LUBBOCK, TX — On a withering hot Friday, I drove through Comanche and Mescalero Apache lands. Grasslands along the highway are smoldering, evidence of a fire. This place where I grew up is familiar yet distant to me. I am headed to an art gallery, hidden just off Avenue K in a city named after a Confederate soldier.
My relationship to “home” is complex, considering how intrinsic violence is to its very fabric. Home is just one theme in artist Dan Jian’s The Waves Not Yet High, an exhibition at the Helen deVitt Jones Studio Gallery, housed in a corner of the Louise Hopkins Underwood Center for the Arts (LHUCA), a former Fire Department administration building in downtown Lubbock, Texas.
In the five works of The Waves Not Yet High, Jian carefully juxtaposes non sequitur images with topographies, simultaneously quotidian and also an alchemy of the imagined home. During an artist’s talk at Texas Christian University’s Moudy Gallery, she said, “The landscape of the subject is only true if we acknowledge that there is no such thing as landscape” because “landscape acquires meaning through memory.”
Jian’s primary ingredients are charcoal and ash on tracing paper. Each of her works navigates the tension between past and present. The first drawing “And Dust to Mountains” (2021) consists of five panels fitted together and placed along the wall opposite the gallery entrance. The panorama uses what the artist identifies as traditional Chinese ink landscape scroll format, blended with scatterings of US effigies such as inflatable tube men dancing in a valley, and horses running through the High Plains. Geography and meaning shift in these (re)creations that float between recollection of old memories and construction of new meanings, emphasized by rural landscape markers like plants and trees, meshed with modern urban elements of brick walls, airplanes, and swimming pools.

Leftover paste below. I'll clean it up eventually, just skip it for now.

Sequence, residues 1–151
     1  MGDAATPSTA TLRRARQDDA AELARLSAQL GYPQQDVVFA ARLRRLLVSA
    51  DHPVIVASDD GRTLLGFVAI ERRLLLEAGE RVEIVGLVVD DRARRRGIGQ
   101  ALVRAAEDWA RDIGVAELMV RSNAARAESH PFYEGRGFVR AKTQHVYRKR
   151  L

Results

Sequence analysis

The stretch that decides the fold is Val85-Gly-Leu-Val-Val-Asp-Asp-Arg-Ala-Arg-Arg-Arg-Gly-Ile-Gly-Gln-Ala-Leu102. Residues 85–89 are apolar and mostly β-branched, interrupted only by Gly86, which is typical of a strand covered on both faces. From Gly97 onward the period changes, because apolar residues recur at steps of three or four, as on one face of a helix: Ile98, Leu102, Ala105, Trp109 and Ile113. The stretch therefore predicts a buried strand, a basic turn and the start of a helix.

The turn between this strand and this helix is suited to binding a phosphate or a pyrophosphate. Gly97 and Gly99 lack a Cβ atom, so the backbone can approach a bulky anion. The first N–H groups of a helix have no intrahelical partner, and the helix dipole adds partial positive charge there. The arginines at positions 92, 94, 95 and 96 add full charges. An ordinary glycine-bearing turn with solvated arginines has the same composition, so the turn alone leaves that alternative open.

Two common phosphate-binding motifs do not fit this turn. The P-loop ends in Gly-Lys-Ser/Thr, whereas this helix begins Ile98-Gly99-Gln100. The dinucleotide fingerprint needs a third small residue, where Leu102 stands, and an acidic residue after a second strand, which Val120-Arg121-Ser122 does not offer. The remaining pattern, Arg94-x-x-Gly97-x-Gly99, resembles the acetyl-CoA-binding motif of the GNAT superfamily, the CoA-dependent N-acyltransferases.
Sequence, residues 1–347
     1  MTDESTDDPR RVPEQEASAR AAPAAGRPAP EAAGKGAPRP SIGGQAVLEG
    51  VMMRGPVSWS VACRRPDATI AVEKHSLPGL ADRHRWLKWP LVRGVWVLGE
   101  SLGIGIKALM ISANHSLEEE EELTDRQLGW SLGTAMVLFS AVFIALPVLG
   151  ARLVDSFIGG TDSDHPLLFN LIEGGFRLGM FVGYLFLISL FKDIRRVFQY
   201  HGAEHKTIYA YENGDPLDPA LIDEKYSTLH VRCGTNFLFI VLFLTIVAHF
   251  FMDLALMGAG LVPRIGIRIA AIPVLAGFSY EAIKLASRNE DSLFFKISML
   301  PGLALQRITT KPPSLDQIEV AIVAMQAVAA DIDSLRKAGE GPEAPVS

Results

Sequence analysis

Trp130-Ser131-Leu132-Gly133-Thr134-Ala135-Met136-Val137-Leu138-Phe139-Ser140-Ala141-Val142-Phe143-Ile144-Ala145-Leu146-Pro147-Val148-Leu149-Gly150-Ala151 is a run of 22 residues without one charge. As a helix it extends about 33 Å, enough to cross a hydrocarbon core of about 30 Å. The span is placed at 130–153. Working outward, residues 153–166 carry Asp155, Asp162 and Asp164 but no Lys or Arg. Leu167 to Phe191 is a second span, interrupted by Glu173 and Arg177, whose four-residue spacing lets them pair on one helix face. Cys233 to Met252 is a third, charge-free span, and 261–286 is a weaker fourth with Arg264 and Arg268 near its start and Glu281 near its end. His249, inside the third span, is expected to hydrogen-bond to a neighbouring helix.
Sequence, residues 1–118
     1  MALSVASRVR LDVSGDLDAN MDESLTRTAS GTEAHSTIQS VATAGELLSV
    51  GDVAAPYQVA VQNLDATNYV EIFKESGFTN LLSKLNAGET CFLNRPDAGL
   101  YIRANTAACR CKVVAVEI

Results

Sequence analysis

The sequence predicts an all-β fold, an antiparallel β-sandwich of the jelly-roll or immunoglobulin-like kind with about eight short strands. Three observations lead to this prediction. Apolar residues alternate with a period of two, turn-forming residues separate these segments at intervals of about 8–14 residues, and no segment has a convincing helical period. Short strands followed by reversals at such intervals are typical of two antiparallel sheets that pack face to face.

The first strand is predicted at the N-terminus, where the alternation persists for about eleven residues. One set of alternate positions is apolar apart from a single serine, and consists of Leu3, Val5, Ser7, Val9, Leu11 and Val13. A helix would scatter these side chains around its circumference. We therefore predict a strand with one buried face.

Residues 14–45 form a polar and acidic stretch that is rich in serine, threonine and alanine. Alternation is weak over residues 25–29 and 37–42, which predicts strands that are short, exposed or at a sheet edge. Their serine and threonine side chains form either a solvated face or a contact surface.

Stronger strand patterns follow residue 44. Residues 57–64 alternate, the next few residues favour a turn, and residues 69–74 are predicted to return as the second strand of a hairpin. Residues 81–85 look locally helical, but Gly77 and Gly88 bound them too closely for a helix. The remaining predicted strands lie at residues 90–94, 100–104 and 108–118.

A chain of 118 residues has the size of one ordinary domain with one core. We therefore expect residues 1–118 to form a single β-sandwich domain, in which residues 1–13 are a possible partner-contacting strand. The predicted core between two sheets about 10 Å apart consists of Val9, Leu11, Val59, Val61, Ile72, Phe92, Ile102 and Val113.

Surrounded by Jian’s meticulous process, I see “Night Departure” (2022) as a haunting scene that can be viewed as it’s installed on the gallery wall, but if flipped upside down, the work transforms into a gravitational inversion where dark lines run down the paper, into the mouths of what could be either flowers or flames. That is the endurance of Jian’s work — the (re)making of memory and landscape, and the ambiguous flow of lands from China to Texas.
There is a bench in the open space, and I sit. I forget the dust, searing heat, and unforgiving wind that waits for me outside the gallery as Jian’s images bend between reality and dream. I am lulled by the surreal choreography between Jian and collaborator Diana Abells in their animation “The Waves Not Yet High, A Dream Floods the Shore” (2021). Colorful fish shimmy just beyond the grasp of a fishing rod. A baby bounces next to a woman. The five-minute-long video wanders along with cut-outs and digitized movements meandering across the screen in vibrant sequences that are both ordinary and disastrous, with water as the catalyst and narrator. Jian says that “water brings both joy and fear, it swells with a sense of the unknown before receding down the tub drain.”